Like many painters, Edmonson wavers between the compulsion to seek clarity in his renderings of subject matter and the impulse to transform real-life structures into abstract, shadowy forms. In an effort to succeed at both, he has originated a technique of partial revelation. Edmonson superimposes grids that act as frames for individual rectangles of the landscapes, making them appear displaced in time and space. The scenes appear in blocks, like pixels in a digital photograph viewed at a low resolution. Yet each section contains a portion of the continuous whole. As an illusionary effect, its quite startling to see how a change of saturation or hue can make a section advance or recede.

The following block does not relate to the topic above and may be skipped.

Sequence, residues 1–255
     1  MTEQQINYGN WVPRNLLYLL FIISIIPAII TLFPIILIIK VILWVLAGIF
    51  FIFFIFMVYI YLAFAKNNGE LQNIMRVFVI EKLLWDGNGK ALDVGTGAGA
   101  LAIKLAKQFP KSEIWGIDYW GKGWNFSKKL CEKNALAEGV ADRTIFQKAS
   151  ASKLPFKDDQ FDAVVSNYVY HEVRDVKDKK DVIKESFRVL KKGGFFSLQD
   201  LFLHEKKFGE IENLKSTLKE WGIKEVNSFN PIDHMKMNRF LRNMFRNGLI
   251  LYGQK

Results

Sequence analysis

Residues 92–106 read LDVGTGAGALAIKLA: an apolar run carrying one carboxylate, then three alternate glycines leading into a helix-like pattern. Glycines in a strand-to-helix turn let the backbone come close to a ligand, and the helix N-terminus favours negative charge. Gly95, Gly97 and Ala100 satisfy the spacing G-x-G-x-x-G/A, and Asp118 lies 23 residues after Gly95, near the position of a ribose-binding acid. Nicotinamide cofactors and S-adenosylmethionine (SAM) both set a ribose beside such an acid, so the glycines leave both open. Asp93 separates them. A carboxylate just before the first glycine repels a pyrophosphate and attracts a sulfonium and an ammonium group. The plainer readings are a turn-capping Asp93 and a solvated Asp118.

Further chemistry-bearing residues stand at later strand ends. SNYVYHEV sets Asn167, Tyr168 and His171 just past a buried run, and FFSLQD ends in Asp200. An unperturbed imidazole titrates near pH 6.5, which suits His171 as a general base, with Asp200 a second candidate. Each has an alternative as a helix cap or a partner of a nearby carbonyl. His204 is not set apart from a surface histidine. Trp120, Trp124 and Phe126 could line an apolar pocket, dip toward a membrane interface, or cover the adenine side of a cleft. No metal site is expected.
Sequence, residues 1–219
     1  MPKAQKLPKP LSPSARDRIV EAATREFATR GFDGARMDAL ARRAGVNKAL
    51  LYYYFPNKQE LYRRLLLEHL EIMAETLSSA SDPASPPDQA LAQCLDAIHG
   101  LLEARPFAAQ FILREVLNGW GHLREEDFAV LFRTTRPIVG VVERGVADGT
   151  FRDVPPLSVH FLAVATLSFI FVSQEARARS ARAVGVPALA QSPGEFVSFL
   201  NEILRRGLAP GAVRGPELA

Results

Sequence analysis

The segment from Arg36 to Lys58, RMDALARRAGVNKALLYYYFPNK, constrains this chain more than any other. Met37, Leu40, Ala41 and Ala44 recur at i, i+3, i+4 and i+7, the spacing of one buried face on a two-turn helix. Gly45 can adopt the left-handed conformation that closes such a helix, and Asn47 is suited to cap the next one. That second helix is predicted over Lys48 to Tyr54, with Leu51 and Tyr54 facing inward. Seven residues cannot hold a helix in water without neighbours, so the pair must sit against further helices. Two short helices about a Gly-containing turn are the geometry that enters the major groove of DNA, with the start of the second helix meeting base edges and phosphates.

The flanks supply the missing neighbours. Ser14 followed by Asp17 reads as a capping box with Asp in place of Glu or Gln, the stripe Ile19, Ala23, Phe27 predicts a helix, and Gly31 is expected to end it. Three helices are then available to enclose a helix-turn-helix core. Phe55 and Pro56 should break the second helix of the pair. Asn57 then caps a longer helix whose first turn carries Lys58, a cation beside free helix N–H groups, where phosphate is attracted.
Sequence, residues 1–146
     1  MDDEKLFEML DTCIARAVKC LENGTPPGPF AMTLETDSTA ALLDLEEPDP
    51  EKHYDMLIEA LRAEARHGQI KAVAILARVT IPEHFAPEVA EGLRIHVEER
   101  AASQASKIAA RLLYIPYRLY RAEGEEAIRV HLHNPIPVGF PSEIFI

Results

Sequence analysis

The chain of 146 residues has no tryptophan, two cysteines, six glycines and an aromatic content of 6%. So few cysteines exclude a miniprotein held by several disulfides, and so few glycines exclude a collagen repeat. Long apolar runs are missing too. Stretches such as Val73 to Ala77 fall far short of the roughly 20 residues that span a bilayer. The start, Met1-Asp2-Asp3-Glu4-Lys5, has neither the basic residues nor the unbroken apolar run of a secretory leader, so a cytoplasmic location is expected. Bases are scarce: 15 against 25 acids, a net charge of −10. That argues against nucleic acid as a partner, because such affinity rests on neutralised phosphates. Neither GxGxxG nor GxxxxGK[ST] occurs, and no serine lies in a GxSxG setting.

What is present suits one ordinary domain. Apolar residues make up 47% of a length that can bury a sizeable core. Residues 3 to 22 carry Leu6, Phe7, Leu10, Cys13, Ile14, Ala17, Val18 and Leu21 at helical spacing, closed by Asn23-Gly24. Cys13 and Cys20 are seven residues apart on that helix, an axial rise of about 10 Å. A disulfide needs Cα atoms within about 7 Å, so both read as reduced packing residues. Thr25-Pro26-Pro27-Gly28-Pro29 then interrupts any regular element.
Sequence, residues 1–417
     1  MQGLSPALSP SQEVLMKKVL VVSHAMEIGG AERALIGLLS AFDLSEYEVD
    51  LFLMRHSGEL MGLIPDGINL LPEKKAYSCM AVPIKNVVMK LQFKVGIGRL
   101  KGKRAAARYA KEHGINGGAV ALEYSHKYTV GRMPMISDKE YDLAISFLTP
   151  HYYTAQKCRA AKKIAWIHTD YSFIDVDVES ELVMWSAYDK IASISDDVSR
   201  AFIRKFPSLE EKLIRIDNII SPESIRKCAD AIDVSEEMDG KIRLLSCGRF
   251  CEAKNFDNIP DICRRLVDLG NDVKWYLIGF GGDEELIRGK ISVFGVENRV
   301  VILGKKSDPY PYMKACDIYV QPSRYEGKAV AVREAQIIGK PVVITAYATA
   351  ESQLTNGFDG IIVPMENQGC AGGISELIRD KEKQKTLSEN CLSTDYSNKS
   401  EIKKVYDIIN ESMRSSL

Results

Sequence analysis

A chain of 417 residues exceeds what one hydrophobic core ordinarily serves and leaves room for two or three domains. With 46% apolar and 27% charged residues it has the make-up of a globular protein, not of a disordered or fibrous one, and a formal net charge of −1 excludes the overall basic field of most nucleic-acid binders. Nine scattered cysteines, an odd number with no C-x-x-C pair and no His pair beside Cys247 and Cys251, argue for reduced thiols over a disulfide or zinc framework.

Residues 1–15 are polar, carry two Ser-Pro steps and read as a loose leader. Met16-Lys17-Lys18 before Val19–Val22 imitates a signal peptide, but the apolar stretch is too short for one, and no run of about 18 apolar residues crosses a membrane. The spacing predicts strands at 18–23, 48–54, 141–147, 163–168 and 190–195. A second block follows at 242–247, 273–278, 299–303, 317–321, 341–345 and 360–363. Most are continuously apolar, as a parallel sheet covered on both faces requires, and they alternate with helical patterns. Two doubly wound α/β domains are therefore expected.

Edmonsons previous paintings realistic scenery have obviously provided him with a wealth of subjects taken from country landscapes. Yet other than their dreamlike, ephemeral quality, it is difficult to imagine the vistas are fictitious. His use of dark and deeply saturated colours bestows an eerie sense of presence on these works. They appear more like memories of landscapes lost through time, or, as the artist describes them, a kind of geological strata representing a history of memories.